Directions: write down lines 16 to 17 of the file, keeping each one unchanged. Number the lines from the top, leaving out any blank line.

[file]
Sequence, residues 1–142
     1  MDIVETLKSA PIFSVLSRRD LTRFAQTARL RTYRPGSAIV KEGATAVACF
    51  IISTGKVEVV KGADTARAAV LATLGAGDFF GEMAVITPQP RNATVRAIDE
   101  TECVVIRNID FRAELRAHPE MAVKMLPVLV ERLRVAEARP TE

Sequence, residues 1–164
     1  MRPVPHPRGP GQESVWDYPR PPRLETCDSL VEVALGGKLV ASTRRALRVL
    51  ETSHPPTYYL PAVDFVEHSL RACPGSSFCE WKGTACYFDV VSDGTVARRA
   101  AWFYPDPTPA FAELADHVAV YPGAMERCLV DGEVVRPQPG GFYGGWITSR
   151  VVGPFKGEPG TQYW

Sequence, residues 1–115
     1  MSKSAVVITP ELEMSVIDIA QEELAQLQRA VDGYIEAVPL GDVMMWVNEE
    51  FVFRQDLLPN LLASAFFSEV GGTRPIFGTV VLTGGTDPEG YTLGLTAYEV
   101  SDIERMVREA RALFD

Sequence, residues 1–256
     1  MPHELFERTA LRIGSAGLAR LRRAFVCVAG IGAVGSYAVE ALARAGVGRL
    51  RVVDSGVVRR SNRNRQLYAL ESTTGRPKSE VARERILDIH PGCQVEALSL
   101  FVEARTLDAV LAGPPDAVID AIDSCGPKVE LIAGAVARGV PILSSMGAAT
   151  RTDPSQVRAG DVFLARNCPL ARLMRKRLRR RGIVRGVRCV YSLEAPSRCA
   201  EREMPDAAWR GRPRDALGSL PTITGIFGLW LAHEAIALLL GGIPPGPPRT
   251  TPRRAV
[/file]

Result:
    51  RVVDSGVVRR SNRNRQLYAL ESTTGRPKSE VARERILDIH PGCQVEALSL
   101  FVEARTLDAV LAGPPDAVID AIDSCGPKVE LIAGAVARGV PILSSMGAAT